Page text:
Do you remember seeing a movie as a kid and wanting to run out and play like you were the characters? The remake of Ghostbusters starring an all-female ghostbusting team inspired that level of delight in me.
I’m sure you know the plot of this film, but here’s a quick snapshot: Erin Gilbert (Kristen Wiig) is up for tenure at Columbia when she discovers that her former partner, Abby Yates (Melissa McCarthy) has re-released their book on the paranormal. Not good for Erin’s academic cred. Quickly, however, Erin gets roped into some ghost hunting with Abby and her new partner, Jillian “Holtz” Holtzmann (Kate McKinnon). When footage of their investigation goes viral, Erin loses her job and joins Erin and Holtz in their study of the paranormal. Also joining them are Patty Tolan (Leslie Jones), an MTA worker with endless knowledge of New York history, and the prettiest, but worst receptionist, Kevin (Chris Hemsworth). As the frequency of ghost sightings in New York increases, they uncover a plot by evil nerd Rowan (Neil Casey), who is trying to break through “the barrier” and bring about a ghost apocalypse.
Initially, my expectations were lowered by the distractingly choppy editing in the first 30 minutes. The film also lacks much urgency, or a good villain. Rowan is not funny, weird, nor evil enough to make much of an impact. The character is actually at his best when he hijacks the body of Chris Hemsworth’s Kevin. That is not a ringing endorsement for the performance of Neil Casey. He is no Rick Moranis. That said, when I thought about it more, I realized that the real conflict of the story is the Ghostbusters’ struggle to be taken seriously. First, they are rejected as scientists. Then, they are made to look like frauds publicly. Then, their warnings about Rowan’s plan are dismissed. In this way, the struggle of the film’s plot mirrors the struggle of the film’s production. Most of the publicity—for better and for worse—around the film centered upon the question of whether or not there was any need or merit in making a film about female Ghostbusters. To me, the most curious facet of this controversy was the reverence with which the original film was treated. There have been all-female productions of Richard III. Why can’t we have female Ghostbusters? In the end, however, just as the women Ghostbusters deliver and save New York from an army of ghosts, the film delivers on its comedic promise. It has a different tone than the original, but it also does not try to reproduce the original. Instead, it offers its own laughs and fun based on the comedic styles of the women in the cast. And Chris Hemsworth.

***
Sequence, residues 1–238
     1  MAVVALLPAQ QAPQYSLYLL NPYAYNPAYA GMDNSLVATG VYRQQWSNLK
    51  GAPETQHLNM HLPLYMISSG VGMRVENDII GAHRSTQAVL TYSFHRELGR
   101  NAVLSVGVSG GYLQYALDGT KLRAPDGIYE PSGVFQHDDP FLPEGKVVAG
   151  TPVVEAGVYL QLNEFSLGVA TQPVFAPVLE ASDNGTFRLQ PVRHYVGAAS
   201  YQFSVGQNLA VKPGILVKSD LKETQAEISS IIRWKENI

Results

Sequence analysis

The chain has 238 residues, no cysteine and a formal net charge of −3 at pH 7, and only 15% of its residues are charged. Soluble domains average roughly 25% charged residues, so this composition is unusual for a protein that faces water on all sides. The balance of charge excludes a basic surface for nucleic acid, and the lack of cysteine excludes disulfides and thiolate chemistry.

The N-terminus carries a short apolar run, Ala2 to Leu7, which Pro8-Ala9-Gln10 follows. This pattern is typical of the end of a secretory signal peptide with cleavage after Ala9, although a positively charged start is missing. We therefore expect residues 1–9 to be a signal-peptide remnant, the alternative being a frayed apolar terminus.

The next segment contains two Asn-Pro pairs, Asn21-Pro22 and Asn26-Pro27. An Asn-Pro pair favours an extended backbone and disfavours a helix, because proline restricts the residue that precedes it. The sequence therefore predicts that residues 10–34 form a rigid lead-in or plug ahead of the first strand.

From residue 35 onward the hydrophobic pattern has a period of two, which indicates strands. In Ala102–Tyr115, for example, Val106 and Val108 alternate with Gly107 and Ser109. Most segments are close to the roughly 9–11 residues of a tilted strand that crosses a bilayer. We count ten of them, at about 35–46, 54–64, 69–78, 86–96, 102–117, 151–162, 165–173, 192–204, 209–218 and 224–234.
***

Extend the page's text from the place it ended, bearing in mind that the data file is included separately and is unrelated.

The performances make the film. Melissa McCarthy and Kristen Wiig anchor the ensemble. It was refreshing to see McCarthy in a funny, physical role that did not use a single fat joke. Her leadership, slapstick, and deadpan style shine through. Wiig’s performance is not her strongest, but she stills gives some good laughs, thanks to her anxious quirks. Leslie Jones and Kate McKinnon are fantastic. The way that Jones depicts Patty inserting herself into the Ghostbusters and providing her own affectionate leadership sells the notion that the rest of the group would just accept her help and look at her like family by story’s end. Her warmth, charm, and line delivery make Patty a delight. Kate McKinnon’s performance is the most hardcore. As Holtzmann, her facial ticks, dry wit, and mad scientist antics were my favorite part of the film. Then there’s her part in the fight scene.
When the Ghostbusters theme started to play as Kate McKinnon’s Holtzmann went into full-on combat mode with her inventions, I had to wipe away a couple of tears of pure joy stemming from my innerchild—a little girl who ran around with the neighborhood boys and loved the Spice Girls. In a piece for Vox, “The second I stopped wanting Ghostbusters to be perfect, I loved it,” Caroline Framke expresses similar feelings: “a movie being perfect is far less important than if it can inspire that incredible stomach swoop over 30 perfect seconds? When you’re feeling something beyond logic, sometimes the only thing that matters is that you’re feeling it, right in your guts.”
I am filing this review, then dragging my husband back to the theater to see the movie with me. It will be my second time in the same day. Beyond my criticism, and the minor ways in which the film faulters, I cannot overlook the response I had to it. I rate Ghostbusters 4/5 stars.
Ghostbusters was written by Katie Dippold and Paul Feig, who directed, based on the 1984 film by Ivan Reitman, Dan Aykroyd, and Harold Ramis. It runs 116 minutes and is rated PG-13.
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